Marston's said its pubs had a good Christmas and New Year while the brewer's cask ales saw increased sales and outperformed the market.
In the group's managed pubs estate, where the landlords are Marston's employees, sales in the 16 weeks to January 21st were up 5.0% year-on-year (YOY) on a like-for-like (LFL) basis.
Reflecting the evolution of the British pub to a place where people eat as well as drink, growth in food sales outstripped sales of booze and soft drinks ("wet sales" in the industry argot). LFL food sales were up 5.5% YOY while wet sales rose 4.8%.
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Focusing more closely on the Christmas trading period, where the pub industry was going up against soft comparatives from the year before because of December 2010's severe weather conditions, LFL sales in the eight weeks to January 21st were up 7.0%.
Operating margins in the managed estate are in line with last year and the group's plan to build around 25 pub-restaurants in the current financial year remains on track.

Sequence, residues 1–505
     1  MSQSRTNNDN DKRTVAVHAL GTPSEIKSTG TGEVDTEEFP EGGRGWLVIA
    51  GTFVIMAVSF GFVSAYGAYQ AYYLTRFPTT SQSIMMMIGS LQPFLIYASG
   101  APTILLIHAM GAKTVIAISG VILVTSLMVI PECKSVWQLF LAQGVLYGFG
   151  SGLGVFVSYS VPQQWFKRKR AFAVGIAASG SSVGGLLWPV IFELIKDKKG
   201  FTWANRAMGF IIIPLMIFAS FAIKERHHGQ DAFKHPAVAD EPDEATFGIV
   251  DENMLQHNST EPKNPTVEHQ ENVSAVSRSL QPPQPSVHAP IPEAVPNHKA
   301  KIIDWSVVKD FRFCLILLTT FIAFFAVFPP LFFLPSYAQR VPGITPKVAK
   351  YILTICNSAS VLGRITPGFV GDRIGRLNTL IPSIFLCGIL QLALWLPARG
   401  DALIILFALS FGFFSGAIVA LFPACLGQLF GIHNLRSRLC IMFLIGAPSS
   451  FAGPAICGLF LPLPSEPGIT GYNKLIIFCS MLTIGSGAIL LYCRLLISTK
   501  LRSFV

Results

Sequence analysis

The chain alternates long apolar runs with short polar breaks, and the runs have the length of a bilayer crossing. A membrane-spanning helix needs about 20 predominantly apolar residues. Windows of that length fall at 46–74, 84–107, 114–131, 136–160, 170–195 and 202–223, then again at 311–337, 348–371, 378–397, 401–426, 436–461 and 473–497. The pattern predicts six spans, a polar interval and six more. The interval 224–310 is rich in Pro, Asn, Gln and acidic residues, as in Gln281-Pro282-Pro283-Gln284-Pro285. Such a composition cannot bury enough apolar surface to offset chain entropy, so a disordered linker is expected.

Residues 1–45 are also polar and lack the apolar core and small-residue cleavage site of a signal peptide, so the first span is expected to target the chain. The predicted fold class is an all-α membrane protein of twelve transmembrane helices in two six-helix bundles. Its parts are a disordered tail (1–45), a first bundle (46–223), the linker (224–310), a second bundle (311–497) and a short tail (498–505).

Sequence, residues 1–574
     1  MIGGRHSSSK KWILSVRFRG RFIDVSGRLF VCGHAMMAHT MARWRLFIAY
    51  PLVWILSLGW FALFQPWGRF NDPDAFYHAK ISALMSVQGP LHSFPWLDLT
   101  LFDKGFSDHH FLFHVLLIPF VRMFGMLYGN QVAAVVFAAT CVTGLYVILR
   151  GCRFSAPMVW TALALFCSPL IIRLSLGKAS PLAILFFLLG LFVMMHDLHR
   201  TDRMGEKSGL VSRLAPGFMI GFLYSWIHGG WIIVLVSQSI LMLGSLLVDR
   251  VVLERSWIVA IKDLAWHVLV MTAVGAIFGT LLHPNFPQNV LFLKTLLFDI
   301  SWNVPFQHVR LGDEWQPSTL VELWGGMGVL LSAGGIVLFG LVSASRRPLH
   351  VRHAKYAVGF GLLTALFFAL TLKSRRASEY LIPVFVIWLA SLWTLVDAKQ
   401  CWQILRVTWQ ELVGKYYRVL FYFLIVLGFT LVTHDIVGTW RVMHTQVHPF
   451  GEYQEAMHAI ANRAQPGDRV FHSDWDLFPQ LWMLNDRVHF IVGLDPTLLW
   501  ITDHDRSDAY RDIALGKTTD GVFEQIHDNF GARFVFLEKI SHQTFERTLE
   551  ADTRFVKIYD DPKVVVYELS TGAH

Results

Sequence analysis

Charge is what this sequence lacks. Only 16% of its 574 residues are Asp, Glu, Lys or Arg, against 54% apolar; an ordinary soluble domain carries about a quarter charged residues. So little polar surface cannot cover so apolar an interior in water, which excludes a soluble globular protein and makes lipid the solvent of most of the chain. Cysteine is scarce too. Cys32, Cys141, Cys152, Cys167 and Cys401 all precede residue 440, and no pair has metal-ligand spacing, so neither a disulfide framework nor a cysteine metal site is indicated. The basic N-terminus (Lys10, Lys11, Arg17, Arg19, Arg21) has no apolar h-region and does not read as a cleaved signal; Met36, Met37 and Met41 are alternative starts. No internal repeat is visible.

As for the group's leased, tenanted and franchised pubs, profit trends continued to improve over the 16 week reporting period, and are estimated to be up by about 3.0% on the corresponding period a year earlier. Once again, there was a December bounce, with profits in the eight weeks to January 21st up by around 4.0%.
The Marston's Beer Company, best known for its Pedigree premium ale, saw beer volumes rise 2% YOY in the 16 week period. Premium ale sales were up 3% while sales of bottled ale were 7% higher than the year before.
Net debt and cash flow are in line with company expectations.
Unfortunately, it is not all beer and skittles, and the company said it expects the tough trading conditions the industry endured in 2011 to continue in 2012.
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